December 5 // Laslo Boyd: An agenda for Democrats

Donald Trump will continue to provide lots of material to keep Democratic activists motivated in 2018. That’s not enough, however, if Democrats are going to regain control of one or both houses of Congress and make significant progress in state gubernatorial and legislative races.  Success in next year’s elections requires fighting for specific goals, not just being opposed to what the President is doing, as awful as that is. (From a Certain Point of View)

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Tom Pelton: Gambling on a Wall Street approach to managing nature

Ever since President Ronald Reagan declared that “government is not the solution to our problems, government is our problem,” Republican policymakers have been working to privatize America’s public services. The idea is that the magic of the free market is needed to improve the world around us because our elected government is inefficient and inherently suspect. So instead, we’ve seen the growth of private prisons, highways and bridges, and even municipal water systems owned by corporations. Now, here in Maryland, we are witnessing the logical flowering of that idea: Employing a Wall Street approach to managing nature. (Balt. Sun)

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Angela Haren: Md. should ban certain foam packaging

It’s that time of year — a time for leftovers. Whether it’s carryout from your favorite restaurant, a quick drive-through meal on your way between errands or a plate of leftovers from a holiday party, we carry meals in a variety of packaging. However, not all food packaging is created equal. Expanded polystyrene (EPS) foam, more commonly known as Styrofoam, poses several unique and insidious threats to the health of our waterways and our communities. (Balt. Sun)

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December 4 // Getting the whole story on Det. Sean Suiter's killing

Mayor Catherine Pugh says the editorial in the Sunday Sun about Police Commissioner Kevin Davis’ request that the FBI take the lead in the investigation of Det. Sean Suiter’s killing is inaccurate. In case you missed it, we said it is imperative for the FBI to become the public face of the investigation because the confounding nature of the case coupled with the revelation that Suiter was to be a witness in a trial related to a massive corruption scandal in the Baltimore Police was leading to public distrust of the police department’s objectivity. Mr. Davis’ assertion that FBI and Department of Justice were possibly keeping city police in the dark about aspects of the investigation only made that situation worse, we argued. (Balt. Sun)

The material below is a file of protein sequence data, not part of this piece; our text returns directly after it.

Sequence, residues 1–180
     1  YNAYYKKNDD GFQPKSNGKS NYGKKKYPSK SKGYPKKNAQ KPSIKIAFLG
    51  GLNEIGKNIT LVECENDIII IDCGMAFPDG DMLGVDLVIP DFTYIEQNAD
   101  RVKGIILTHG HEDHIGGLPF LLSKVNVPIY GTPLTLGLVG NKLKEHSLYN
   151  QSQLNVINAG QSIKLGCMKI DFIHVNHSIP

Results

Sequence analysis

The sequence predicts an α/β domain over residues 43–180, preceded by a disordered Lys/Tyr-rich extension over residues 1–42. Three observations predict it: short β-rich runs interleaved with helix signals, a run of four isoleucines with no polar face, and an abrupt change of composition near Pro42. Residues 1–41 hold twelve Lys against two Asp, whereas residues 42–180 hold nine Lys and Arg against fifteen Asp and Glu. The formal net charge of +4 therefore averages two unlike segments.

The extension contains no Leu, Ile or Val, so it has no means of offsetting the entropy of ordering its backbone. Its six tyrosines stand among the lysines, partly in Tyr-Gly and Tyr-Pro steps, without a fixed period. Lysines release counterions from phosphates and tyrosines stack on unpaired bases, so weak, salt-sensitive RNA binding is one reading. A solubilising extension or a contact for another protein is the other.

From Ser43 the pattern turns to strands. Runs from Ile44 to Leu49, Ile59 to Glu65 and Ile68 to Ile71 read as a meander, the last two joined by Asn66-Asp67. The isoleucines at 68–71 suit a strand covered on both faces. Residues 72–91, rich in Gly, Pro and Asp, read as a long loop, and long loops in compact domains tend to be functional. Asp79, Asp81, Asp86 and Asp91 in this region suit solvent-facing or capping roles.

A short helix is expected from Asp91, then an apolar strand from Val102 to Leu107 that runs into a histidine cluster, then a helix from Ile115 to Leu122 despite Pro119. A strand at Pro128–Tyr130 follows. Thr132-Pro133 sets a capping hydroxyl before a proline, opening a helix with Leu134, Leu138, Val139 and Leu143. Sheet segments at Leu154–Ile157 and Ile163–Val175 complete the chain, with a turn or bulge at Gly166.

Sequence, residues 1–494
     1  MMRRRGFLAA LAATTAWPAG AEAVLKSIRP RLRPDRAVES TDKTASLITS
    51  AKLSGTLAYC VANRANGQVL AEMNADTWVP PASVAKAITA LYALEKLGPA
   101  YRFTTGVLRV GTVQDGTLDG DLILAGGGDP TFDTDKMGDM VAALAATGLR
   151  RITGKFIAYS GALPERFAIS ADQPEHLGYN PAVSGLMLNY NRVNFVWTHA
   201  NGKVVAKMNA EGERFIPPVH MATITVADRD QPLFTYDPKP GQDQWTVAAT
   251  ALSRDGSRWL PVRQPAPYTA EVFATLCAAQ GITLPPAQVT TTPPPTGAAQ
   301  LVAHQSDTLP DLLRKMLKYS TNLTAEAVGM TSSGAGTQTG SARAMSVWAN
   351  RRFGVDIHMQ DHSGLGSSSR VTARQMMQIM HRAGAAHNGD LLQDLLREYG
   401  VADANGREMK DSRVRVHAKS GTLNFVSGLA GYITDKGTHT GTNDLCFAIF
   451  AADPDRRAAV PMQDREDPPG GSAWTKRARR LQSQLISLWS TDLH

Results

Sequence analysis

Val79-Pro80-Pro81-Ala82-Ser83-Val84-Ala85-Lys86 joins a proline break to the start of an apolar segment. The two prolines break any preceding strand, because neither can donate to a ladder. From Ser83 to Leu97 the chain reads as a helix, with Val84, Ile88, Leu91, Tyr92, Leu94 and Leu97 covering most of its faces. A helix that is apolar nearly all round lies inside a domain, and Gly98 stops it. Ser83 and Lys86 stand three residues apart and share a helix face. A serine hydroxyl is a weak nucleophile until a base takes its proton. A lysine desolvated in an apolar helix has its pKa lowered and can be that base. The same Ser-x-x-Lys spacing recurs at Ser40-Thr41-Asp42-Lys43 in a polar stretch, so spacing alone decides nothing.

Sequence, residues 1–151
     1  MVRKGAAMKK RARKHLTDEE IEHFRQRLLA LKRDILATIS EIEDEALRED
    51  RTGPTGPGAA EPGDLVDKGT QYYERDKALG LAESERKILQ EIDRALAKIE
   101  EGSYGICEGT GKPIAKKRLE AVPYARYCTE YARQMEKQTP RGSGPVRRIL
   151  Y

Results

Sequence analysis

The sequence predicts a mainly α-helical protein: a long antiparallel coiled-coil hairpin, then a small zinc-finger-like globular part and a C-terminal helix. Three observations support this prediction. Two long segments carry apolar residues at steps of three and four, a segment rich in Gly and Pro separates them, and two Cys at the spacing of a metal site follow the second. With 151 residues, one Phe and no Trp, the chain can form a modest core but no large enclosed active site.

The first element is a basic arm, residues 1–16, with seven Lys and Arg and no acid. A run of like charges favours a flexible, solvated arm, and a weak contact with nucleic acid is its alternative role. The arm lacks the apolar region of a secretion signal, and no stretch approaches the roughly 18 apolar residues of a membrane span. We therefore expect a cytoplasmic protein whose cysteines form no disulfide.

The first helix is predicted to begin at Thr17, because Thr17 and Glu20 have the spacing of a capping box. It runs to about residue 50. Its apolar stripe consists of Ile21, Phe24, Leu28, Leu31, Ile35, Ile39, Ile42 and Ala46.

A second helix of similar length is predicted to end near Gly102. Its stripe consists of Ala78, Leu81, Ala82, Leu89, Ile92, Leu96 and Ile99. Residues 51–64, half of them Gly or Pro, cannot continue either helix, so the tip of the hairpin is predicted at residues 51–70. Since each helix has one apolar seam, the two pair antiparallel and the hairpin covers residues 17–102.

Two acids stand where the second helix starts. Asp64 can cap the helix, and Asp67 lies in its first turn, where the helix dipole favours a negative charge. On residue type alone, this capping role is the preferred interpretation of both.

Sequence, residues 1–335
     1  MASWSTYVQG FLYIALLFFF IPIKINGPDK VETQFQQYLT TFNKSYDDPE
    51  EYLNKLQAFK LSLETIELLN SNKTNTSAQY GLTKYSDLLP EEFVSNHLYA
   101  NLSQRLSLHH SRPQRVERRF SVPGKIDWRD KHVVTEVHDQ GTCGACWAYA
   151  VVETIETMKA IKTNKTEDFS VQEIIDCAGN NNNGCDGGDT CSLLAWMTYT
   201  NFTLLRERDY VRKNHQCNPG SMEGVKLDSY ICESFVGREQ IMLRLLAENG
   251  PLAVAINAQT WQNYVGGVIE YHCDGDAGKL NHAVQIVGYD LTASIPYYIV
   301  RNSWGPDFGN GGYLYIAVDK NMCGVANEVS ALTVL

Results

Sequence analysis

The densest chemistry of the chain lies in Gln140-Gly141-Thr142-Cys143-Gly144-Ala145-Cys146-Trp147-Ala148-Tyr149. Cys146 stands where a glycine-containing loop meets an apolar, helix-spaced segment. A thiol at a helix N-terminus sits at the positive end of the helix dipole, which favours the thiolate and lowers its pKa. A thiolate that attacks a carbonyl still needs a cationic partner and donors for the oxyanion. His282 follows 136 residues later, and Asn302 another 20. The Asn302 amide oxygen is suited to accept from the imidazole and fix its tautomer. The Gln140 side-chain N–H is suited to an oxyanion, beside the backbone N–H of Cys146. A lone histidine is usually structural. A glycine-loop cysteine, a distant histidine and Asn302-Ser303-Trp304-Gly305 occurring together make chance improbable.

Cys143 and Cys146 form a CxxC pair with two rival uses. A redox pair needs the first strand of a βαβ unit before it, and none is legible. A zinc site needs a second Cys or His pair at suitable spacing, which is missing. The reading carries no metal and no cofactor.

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FBI needs to take the lead on Det. Sean Suiter investigation

It has been more than two weeks since Det. Sean Suiter was killed in a violence-ridden West Baltimore neighborhood, and police have not identified, much less apprehended, a suspect. A possibly unprecedented $215,000 reward has made no difference. Meanwhile, with every passing day, new and confounding details emerge about Suiter’s role as a witness to the federal corruption case that is roiling the Baltimore Police Department. Add in some unusual details about the circumstances of his death — the radio still clutched in his left hand despite what police say was a life-and-death struggle, the lack of any surveillance video showing a possible suspect fleeing the scene — and you’ve got a recipe for skepticism, at best, and the flowering of conspiracy theories at worst. (Balt. Sun)

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Tom Horton: Gov. Hogan is enabling costly urban sprawl in Maryland by upending 'Smart Growth'

If you’re not yet worried about Maryland Gov. Larry Hogan’s abandonment of Smart Growth, you might want to read a new study on how Dumb Growth could cost Frederick County taxpayers some half a billion bucks.   First, a brief Smart Growth primer (which was once available on the Maryland Department of Planning’s website — until the website and department became a joke under Hogan): Smart Growth is the antithesis of sprawl, which is development outside areas planned and built for growth. Sprawl gobbles open space, increases air and water pollution, and costs more in new services than it ever offsets with taxes from new residents. (Daily Times)

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Franklin Lance: Does anyone care about West Baltimore?

In April of 2015, Baltimore City's civil unrest made international news. Immediately following, a flurry of meetings was called by elected officials, philanthropic organizations and faith based groups to discuss change. There was a huge push to rebuild what was lost and make up for the decades of inequality that fueled the unrest. But two years later, nothing really has changed. The major difference now is that the national news cameras have left, and the groups who rushed to organize have again turned their backs on West Baltimore. Does anyone really give a damn about us? (Balt. Sun)

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Dan Rodricks: Are you an ex-offender looking for a fresh start? Call this number

And so we begin again. With Baltimore beleaguered by crime and violence, I return today to an informal public-service initiative that lived in this space between 10 and 12 years ago. It began in June 2005 with an open letter to the drug dealers of Baltimore, asking them to consider getting out of that life and offering them some help with the journey. I gathered information about training and employment programs, apprenticeships, and companies willing to hire ex-offenders. Maybe 20 businesses contacted me to whisper that they were willing to do so, so long as neither their employees nor their customers knew about it. (Balt. Sun)

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